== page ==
Figure 2. mRAPA-DC secretes elevated levels of IL-12p70 and IL-27, but reduced levels of IL-10. Immature CTRL- or RAPA-DC were exposed to inflammatory cytokines (ICC: IL-1β, IL-6, TNF-α) ± IFN-γ for 24 h. mRNA and culture supernatants were collected for RNA protection assay and ELISA, respectively. (A) Left panel: Northern blot analysis revealed that inflammatory cytokines ± IFN-γ enhance the expression of IL-12p35 and IL-12-p40 in RAPA-DC. Right panel: Northern blots were scanned as described in the Materials and Methods Section and arbitrary (Arb) units were calculated by dividing the values of IL-12p35 or IL-12p40 band intensity to correspondent values of GAPDH band intensity (n = 3) (B) IL-12p70 (n = 17), (C) IL-27 (n = 18) and (D) IL-10 (n = 18) secretion by mCTR-DC (black symbols) compared to mRAPA-DC (open symbols). Each symbol represents a single subject, while the horizontal line represents the mean value.

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Exogenous IL-12p70 stimulates early (24 h) IFN-γ and IL-10 production, while IL-27 triggers exclusively IL-10 release by NK cells

It is well-accepted that IL-12p70 and IL-27 are critical for the generation and maintenance of Type-1 immunity [34]. In addition, IL-12p70 is a potent stimulator of NK cells, triggering large amounts of IFN-γ production and thus amplifying Type-1 immunity [28, 35]. Recent studies have reported that IL-27 can increase the production of IFN-γ by NK cells, but only if combined with other cytokines, such as IL-2 and IL-12 [36]. Since our results indicated that mRAPA-DC produced comparatively large amounts of both IL-12p70 and IL-27, we tested the early influence of soluble cytokines on NK and T cells. Bulk PBMC or highly purified T or NK cells were cultured in the presence or absence of exogenous IL-12p70, IL-27 or IL-12p70 + IL-27 for 24 h. The cells were recovered and analyzed for intracellular IFN-γ production by flow cytometry, while supernatants were collected and tested for IFN-γ and IL-10 by ELISA. As shown in Figure 3A, NK cells, but not T cells were the main sources of IFN-γ production within the PBMC population in response to short-term stimulation with IL-12p70. Neither CD3+ T nor NK cells produced IFN-γ in response to exogenous IL-27 alone, while IL-12p70 + IL-27 stimulation resulted in similar levels of IFN-γ release by NK cells to those observed with IL-12p70 alone (Figure 3A). These findings were confirmed by ELISA (Figure 3B). In addition, α-IL-12p70 mAb significantly decreased IFN-γ secretion by both PBMC and NK cells (Figure 3B). Thus, NK cells proved to be the major source of early IFN-γ secretion within PBMC upon exogenous IL-12p70 stimulation for 24 h, while soluble IL-27 had no early effect on IFN-γ release. In addition, both soluble IL-12p70 and IL-27 triggered IL-10 secretion by PBMC and NK cells (Figure 3C). Interestingly, blocking IL-12p70 increased IL-10 secretion, whereas blocking IL-27 significantly decreased IL-10 production (Figure 3C), suggesting that IL-12p70 and IL-27 differentially regulate IL-10 secretion by PBMC.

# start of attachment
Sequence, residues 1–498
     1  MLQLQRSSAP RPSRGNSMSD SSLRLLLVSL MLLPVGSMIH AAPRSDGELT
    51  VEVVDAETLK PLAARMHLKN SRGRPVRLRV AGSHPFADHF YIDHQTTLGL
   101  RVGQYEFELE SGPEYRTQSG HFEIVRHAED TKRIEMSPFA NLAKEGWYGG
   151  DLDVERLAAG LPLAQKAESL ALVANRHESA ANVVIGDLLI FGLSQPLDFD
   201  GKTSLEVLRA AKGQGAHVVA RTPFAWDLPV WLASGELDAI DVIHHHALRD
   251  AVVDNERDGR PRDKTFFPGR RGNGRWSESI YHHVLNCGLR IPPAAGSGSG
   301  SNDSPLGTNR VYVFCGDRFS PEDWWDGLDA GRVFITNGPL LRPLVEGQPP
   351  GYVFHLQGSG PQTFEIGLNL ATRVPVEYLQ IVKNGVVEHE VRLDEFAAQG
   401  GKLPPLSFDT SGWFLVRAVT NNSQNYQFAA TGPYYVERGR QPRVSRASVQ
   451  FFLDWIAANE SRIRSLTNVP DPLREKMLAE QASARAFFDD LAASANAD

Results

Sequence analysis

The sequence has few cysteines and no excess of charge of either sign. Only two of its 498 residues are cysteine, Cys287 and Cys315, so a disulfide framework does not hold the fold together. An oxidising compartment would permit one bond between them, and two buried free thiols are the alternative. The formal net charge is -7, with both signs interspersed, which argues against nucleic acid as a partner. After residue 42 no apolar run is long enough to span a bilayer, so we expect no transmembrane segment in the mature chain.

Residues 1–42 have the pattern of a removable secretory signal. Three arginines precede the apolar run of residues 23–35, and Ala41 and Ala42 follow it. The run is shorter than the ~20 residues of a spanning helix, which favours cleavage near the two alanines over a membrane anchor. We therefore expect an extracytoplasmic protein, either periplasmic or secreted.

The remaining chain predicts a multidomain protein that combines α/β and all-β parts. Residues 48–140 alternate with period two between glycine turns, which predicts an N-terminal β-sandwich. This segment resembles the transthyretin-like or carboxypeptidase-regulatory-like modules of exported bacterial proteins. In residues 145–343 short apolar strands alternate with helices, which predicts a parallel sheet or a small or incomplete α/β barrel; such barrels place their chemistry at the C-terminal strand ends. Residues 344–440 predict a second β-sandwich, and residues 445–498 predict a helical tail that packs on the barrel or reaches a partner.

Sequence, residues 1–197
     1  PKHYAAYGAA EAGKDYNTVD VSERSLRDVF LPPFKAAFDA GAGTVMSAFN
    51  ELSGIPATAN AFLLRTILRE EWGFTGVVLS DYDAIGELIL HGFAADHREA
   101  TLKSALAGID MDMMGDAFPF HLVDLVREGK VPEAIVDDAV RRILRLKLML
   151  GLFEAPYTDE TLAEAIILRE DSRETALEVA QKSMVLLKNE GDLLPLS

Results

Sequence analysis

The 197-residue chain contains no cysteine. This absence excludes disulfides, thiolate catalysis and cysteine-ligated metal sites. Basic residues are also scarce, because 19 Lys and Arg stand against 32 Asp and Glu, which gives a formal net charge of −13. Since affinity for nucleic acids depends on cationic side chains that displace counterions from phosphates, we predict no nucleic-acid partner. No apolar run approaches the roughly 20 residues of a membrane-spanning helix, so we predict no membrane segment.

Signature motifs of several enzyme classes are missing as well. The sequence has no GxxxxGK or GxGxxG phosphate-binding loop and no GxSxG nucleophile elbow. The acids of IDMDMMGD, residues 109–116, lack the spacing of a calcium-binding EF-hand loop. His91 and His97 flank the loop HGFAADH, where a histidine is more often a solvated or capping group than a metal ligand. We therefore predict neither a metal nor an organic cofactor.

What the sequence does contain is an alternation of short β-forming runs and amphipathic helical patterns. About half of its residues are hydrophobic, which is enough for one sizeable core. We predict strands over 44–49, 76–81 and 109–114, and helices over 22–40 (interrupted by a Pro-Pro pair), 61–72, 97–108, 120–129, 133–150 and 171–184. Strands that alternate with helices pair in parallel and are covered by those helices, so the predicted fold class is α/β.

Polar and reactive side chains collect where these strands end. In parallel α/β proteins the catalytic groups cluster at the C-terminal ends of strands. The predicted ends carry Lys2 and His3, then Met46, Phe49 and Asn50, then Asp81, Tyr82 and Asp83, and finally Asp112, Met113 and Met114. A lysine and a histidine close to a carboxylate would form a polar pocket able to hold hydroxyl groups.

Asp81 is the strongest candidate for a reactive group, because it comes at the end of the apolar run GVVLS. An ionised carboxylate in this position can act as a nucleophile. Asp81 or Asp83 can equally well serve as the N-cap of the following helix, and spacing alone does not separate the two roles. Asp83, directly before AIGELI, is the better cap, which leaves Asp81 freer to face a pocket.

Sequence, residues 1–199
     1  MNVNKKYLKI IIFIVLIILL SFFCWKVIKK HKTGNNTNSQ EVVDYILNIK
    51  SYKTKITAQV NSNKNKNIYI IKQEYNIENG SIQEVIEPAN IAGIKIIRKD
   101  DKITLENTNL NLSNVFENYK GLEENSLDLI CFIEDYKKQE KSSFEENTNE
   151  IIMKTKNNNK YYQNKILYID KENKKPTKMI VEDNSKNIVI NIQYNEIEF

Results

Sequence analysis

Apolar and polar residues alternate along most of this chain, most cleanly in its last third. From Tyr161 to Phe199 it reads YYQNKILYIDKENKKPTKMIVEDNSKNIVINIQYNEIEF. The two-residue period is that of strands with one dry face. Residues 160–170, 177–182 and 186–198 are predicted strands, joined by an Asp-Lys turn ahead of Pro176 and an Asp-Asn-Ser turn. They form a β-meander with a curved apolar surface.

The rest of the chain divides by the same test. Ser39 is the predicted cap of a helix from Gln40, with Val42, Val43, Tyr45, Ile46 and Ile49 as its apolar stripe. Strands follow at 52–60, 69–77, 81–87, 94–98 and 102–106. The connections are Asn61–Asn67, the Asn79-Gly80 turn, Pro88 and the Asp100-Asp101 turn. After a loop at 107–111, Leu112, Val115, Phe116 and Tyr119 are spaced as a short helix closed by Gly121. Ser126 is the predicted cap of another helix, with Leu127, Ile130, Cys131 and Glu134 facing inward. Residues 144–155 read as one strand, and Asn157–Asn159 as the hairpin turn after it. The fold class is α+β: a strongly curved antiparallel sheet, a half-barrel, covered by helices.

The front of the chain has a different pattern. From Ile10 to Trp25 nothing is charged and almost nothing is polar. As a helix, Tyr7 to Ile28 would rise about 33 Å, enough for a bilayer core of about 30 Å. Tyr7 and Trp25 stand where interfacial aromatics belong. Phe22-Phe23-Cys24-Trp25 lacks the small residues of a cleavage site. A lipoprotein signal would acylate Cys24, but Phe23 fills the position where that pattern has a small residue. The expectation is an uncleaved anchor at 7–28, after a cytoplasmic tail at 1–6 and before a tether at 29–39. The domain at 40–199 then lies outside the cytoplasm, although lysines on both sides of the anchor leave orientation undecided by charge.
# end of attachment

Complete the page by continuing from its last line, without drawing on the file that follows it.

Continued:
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Figure 3. Soluble IL-12p70 but not soluble IL-27 stimulates NK cells to produce IFN-γ in short-term culture (24 h). (A) PMBC were exposed to IL-12p70 (10 ng/mL), IL-27 (100 ng/mL) or their combination for 24 h in the presence of Golgi-Plug for the last 4 h, and then analyzed by flow cytometry. Dot plots show the gating strategy and the detection of IFN-γ production by CD3+ T and CD56+ NK cells. One representative experiment of >5 experiments performed is shown. (B) PBMC, purified (CD3+) T cells or (CD56+) NK cells were exposed to IL-12p70, IL-27 or the combined treatments in the presence or absence of blocking Abs (α-IL-12p70 and α-IL-27; or both at 4 μg/mL) for 24 h. Supernatants were recovered and analyzed for IFN-γ (n = 14) or for IL-10 (n = 8) by ELISA. Each symbol represents a single subject, while the horizontal line represents the mean value. *One-tail Wilcoxon matched-pair signed rank test.

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mRAPA-DC promote early IFN-γ production and low IL-10 production by NK cells and T cells

To further ascertain the combined impact of cell-to-cell contact and soluble cytokine delivery by these APC, we co-cultured mRAPA-DC or mCTRL-DC with allogeneic PBMC in short-term MLR co-culture. Figure 4A shows a significant augmentation of IFN-γ secretion (left panel) and a significant decrease of IL-10 release (right panel) detected in mRAPA-DC/PBMC co-culture supernatants at 24 h, compared to those from mCTRL-DC/PBMC co-cultures. Our results further demonstrate that, in addition to soluble factors, IFN-γ production was dependent on cell-to-cell contact, as assessed in trans-well experiments in which DC and allogeneic PBMC were incubated in separate chambers (Figure 4B). To further dissect the role of IL-12p70 and IL-27 in IFN-γ release, co-cultures were set-up with PBMC, T cells and NK cells in the presence or absence of α-IL-12p70, α-IL-27 blocking Abs or their combination (Figure 4C). Although our data indicate that soluble IL-12p70 but not IL-27 did stimulate PBMC to produce IFN-γ during 24 h co-culture (as shown in Figure 3C), blockade of IL-12p70 or of IL-27 or the combined treatment at the initiation of mRAPA-DC co-cultures decreased IFN-γ secretion by PBMC, suggesting that cell-to-cell contact provided by mRAPA-DC was required for IL-27 to contribute to enhanced IFN-γ production by PBMC together with IL-12p70 (Figure 4C). More importantly, our data further demonstrate that cell-to-cell contact, in addition to cytokine-mediated stimulation delivered by mRAPA-DC, also triggered early IFN-γ production by T cells, and that this was mostly dependent on IL-12p70 (Figure 4C). Since naïve T cells do not produce cytokines until 36–48 h poststimulation, these early IFN-γ producers are considered memory T cells [37]. Thus, in a pro-inflammatory milieu, mRAPA-DC deliver early potent signals to target NK and memory T cells, and thus are rendered more effective ‘IFN-γ helpers’ for the subsequent development of Type-1 immunity.